BALB/c mice were purchased from Harlan U.K. (Bicester, U.K.). ΔdblGATA-1 mice on a BALB/c background were bred in-house. Male mice were used for all experiments. For T. muris infections mice were infected with 20 infective T. muris eggs when 8 –10 weeks old and sacrificed at various time points after infection. The maintenance of T. muris and the method of infection were as previously described [27], worm burden in the large intestine was assessed as previously described [28]. Tachyzoites of the type I eYFP expressing RH and the tandem dimeric tomato RFP- tagged type II Pruginaud (PRU) strains of Toxoplasma gondii, from Boris Striepen [29], were maintained by serial passage through confluent monolayers of human foreskin fibroblasts [30]. Mice were infected by oral gavage with 106 RH or PRU tachyzoites and sacrificed at various time points post infection by exposure to carbon dioxide gas in a rising concentration. In order to ameliorate animal suffering mice were regularly weighed during infection and general appearance monitored, if any mice lost more than 20 % bodyweight they were humanely killed. All animal experiments were approved by the University of Manchester Animal Welfare and Ethical Review Board and performed under the regulation of the Home Office Scientific Procedures Act (1986) and the Home Office approved grant 40/3217.

Extraction of total RNA and reverse transcription

Tissue samples from the junction of the caecum and large intestine, jejunum or brain were placed in TRIsure (Bioline, London, UK) and frozen on dry ice. Samples were homogenised using a FastPrep 24 and lysing matrix D (MP Biomedicals, Illkirch, France) and total RNA extracted according to the manufacturer’s instructions for TRIsure. Resulting RNA was quantified on a Nanodrop ND-1000 spectrophotometer (Labtech International, East Sussex, U.K.) and stored at −80 °C until used. 1.0 μg of RNA was treated with RNase-free DNase (Promega, Southampton, UK) and reverse transcribed using BioScript (Bioline) in a final volume of 30 μl according to the manufacturer’s instructions and stored at -20 °C.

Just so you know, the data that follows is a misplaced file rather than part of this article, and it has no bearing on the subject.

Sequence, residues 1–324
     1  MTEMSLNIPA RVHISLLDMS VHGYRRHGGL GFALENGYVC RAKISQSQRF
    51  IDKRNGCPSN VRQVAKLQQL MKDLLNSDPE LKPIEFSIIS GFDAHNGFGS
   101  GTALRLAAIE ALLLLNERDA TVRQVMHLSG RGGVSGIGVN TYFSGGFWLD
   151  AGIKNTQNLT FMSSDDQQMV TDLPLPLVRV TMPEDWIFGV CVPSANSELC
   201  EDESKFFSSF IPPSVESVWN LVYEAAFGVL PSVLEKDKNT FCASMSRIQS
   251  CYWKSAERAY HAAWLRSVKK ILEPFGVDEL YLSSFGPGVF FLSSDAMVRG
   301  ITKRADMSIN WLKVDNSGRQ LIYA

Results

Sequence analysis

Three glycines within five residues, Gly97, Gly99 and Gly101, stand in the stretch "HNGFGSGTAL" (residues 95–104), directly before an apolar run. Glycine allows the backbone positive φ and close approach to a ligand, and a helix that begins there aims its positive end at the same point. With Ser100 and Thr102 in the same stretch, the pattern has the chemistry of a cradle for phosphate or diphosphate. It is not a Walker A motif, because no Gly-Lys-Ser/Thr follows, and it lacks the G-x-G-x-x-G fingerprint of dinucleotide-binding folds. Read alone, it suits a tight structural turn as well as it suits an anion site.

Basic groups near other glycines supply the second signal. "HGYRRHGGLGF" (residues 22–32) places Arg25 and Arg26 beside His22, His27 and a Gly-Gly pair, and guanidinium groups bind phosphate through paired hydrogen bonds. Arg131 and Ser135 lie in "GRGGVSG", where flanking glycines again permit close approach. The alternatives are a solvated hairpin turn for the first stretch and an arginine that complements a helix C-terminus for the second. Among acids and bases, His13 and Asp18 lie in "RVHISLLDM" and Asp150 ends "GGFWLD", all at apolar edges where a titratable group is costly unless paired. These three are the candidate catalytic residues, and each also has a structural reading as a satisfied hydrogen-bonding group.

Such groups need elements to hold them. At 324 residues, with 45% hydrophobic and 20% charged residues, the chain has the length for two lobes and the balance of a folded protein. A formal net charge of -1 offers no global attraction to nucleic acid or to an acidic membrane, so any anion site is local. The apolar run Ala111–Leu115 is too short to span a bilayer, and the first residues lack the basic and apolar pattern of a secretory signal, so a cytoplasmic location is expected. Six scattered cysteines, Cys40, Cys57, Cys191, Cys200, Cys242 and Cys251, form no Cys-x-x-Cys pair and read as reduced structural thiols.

Quantitative PCR on intestinal tissue

Quantitative PCR was performed using KAPA SYBR FAST qPCR kit (KapaBiosystems) on a BioRad MyQ2 Cycler with Optical System software version 2.1. Housekeeping genes GAPDH and YWAHZ were used as internal controls for gene expression. Expression levels of genes of interest are shown as fold change after normalisation to two housekeeping genes.

Gene

Forward Primer

Reverse Primer

GAPDH

CCCACTAACATCAAATGGGG

TCTCCATGGTGGTGAAGACA

YWHAZ

TTCTTGATCCCCAATGCTTC

TTCTTGTCATCACCAGCAGC

BAFF

AAGATGGGGAAAGCCGTCAG

CATGGCACACTTCGGTTGTG

APRIL

TCTGTTTGGCTGTGAGGTCA

TCCTGGTCCTCTCGGTCATA

GM-CSF

CTGCGTAATGAGCCAGGAAC

TCAGCGTTTTCAGAGGGCTA

IL-6

GTGGCTAAGGACCAAGACCA

TAACGCACTAGGTTTGCCGA

CCL25

CGCCTCAGACTCTCAGACTGA

CATTGGCACTGGCATGCCTA

Quantitative PCR for T. gondii parasite burden

Parasite burden was assessed as previously described [31]. Briefly, Quantitative PCR was performed using KAPA SYBR FAST qPCR kit (KapaBiosystems) on a BioRad MyQ2 Cycler with Optical System software version 2.1. Relative mRNA levels were calculated for toxoplasma cysts (Forward: CGTTTGGAGAAATGGTGTCCCAG; Reverse: CCGCCTGAGTATCCGCTTTTAC) by using an included standard curve for each individual gene and normalised to the housekeeping gene TBP (Forward: AACAGCAGCAGCAACAACAGCAGG; Reverse: TGATAGGGGTCATAGGAGTCATTGG).

Histology

Histological sections were prepared from proximal large intestine or jejunum and preserved in OCT. 6-μm sections were cut using a microtome and placed on polysine adhesion slides. Immunohistochemical staining for IgA was performed as follows. Slides were fixed in 4 % PFA on ice for 10 mins. Endogenous peroxidase was quenched by incubation with 1.5 U/ml glucose oxidase (Sigma, Gillingham, Dorset, U.K.) in the presence of 1.8 mg/ml glucose and 0.064 mg/ml sodium azide for 20 min at 37 °C. Non-specific binding was blocked with 7 % rat serum (Sigma) and endogenous avidin and biotin binding sites were blocked using a kit according to the manufacturer’s instructions (Invitrogen, Paisley, UK). Sections were then incubated with biotinylated rat anti-mouse IgA (5 μg/ml, BD Biosciences) in phosphate-buffered saline, followed by ABC (avidin-biotin complex) (Vector Laboratories) and 3,3′ Diaminobenzidine (DAB; Vector) and colour development monitored. Sections were counter-stained in HaemQS (Vector Laboratories) for 1 min, and mounted in aquamount (BDH, Lutterworth, UK). For MAdCAM-1 and Siglec F staining the same protocol was used but non-specific binding sites were blocked with 7 % goat serum (Invitrogen), a MAdCAM-1 (5 μg/ml, eBiosciences) or Siglec F primary antibody (5 μg/ml, BD Biosciences) was used followed by a biotinylated secondary goat anti rat Fab’ fragment antibody (1 μg/ml, Santa Cruz). For IgA staining 0.05 % Saponin was utilised in all washing and staining steps.